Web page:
Excerpts from Yung Suk Kim, Resurrecting Jesus: The Renewal of NewTestament Theology (Cascade Books, 2015), 74-75.
Jesus did not come simply to die on the cross. He was supposed to live a good life without a tragic death on the cross. In other words, death is not the goal of his life, as opposed to the popular Christian belief that “Jesus came to die for us.” As we have seen in the previous chapter, Jesus came to proclaim God’s good news (euangelion tou theou), which is about God’s rule (Mark 1:14–15), to testify to the truth (John 18:37), and to show God’s righteousness through his faith (Rom 3:22). Jesus did not come to die for us but came to show who God is. The result is his death on the cross, a tragedy that cannot be romanticized or spiritualized for whatever reason. Jesus knew he would be killed if he continued his work.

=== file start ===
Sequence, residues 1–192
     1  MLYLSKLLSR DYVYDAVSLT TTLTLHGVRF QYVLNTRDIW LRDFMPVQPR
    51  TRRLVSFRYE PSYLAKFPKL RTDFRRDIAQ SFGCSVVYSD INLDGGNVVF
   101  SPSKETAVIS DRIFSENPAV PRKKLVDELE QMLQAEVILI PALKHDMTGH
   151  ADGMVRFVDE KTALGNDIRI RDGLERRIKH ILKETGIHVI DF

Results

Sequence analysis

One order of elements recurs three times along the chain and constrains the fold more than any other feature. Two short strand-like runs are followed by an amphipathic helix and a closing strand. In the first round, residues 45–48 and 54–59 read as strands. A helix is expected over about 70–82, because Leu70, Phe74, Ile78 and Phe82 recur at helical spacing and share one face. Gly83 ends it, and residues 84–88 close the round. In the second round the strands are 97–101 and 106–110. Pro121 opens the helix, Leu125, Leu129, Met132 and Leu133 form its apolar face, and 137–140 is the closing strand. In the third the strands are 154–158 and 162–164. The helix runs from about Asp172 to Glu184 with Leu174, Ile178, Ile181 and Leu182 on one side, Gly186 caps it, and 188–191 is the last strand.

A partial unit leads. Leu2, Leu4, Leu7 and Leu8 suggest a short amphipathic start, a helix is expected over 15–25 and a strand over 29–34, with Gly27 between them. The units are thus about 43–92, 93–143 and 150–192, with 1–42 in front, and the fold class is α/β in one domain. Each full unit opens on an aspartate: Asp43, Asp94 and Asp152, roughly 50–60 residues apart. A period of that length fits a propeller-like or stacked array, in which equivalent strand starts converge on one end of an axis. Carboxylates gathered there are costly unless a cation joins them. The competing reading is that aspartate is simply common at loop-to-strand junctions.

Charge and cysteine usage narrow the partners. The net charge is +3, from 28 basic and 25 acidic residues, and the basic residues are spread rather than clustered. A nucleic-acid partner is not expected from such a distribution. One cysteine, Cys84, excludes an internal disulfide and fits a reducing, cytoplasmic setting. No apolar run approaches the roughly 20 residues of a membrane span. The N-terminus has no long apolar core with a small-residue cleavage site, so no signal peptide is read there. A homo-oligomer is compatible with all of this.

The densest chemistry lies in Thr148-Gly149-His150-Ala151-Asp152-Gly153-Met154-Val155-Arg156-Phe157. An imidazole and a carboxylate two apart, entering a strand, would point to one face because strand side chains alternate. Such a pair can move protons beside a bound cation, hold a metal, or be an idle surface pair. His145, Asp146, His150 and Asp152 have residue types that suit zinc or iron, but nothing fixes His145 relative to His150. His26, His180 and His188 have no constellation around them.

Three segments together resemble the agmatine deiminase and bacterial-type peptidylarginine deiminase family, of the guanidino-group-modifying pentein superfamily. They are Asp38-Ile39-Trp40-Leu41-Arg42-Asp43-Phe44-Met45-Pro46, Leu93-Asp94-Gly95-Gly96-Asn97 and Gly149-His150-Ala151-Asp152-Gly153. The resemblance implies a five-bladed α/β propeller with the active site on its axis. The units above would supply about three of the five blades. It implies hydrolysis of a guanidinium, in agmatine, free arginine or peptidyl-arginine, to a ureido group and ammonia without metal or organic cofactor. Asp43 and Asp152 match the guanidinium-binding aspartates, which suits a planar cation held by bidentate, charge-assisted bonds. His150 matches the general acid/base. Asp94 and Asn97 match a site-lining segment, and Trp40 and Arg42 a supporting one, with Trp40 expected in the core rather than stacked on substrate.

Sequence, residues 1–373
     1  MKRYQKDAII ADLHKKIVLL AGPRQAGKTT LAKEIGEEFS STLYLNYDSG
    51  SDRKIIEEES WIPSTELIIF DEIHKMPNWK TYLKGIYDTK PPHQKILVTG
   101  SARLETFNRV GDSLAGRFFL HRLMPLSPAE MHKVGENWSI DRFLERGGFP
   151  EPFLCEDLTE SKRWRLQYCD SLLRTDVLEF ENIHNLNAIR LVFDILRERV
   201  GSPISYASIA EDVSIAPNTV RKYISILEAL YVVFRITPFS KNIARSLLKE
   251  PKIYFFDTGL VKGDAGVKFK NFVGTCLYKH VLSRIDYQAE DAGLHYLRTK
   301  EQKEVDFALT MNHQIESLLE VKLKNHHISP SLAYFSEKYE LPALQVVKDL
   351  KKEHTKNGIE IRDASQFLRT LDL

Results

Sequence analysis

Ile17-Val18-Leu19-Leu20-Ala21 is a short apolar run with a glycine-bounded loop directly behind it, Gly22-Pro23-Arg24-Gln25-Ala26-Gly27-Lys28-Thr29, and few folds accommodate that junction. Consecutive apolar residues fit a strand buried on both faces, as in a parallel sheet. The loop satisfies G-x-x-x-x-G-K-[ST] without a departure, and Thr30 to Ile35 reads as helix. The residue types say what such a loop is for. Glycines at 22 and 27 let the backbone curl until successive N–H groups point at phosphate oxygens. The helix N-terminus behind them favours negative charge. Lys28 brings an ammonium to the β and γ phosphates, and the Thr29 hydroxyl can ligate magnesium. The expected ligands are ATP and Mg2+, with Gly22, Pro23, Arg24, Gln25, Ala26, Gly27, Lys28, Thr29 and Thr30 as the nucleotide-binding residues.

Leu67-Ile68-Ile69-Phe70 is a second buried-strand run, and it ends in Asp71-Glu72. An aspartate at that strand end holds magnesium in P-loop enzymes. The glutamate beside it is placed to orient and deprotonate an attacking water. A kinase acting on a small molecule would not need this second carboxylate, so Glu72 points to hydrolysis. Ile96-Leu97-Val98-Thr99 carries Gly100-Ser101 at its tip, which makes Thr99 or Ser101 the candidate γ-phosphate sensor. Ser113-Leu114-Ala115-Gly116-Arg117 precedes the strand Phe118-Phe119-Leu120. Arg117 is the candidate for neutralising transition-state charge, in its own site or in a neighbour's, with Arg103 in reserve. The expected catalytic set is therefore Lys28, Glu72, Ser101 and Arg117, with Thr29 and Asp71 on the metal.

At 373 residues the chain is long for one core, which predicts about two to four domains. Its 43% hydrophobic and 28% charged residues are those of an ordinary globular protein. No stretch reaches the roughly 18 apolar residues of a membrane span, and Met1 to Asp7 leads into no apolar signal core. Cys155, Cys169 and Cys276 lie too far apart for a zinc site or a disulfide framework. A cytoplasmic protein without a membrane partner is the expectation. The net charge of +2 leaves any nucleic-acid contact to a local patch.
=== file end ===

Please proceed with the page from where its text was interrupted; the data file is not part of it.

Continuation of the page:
Therefore, a mere emphasis on Jesus’ death or blood without looking at the historical context of his death is not only unrealistic, but keeps us from seeing both his love and passion for the world, and the ugly faces of the evil that are accountable for his death. If Jesus’ death is read only as a vicarious sin offering, it is like suffocating Jesus’ testimony to God’s justice in the world. People often watch Mel Gibson’s movie The Passion of the Christ, weep, and thank Jesus because he was punished instead of them. This kind of penal substitution theory of atonement blinds people from seeing the evil system or powers held accountable for Jesus’ death. If Jesus’ death were God’s plan, then how can one account for the Gospel of Judas? In it, Judas Iscariot is praised because he helps Jesus to die so that salvation is complete. So the essential question before we explore the meaning of his death is why he was put to death. We care about Jesus’ death not because he died but because he died tragically because of his poignant teaching and dangerous acts toward the power center of Jerusalem and Rome. Crossan’s words are helpful here: “If Jesus had lived, did everything we know he did, and just died in his own bed, he must have been talking only about the interior life, because Rome is not paying attention, no one is bothered by it.” So the relevant questions are: Why was he put to death? What does his work have to do with his death? These questions are crucial not only to understanding the death of Jesus but also to constructing New Testament theology.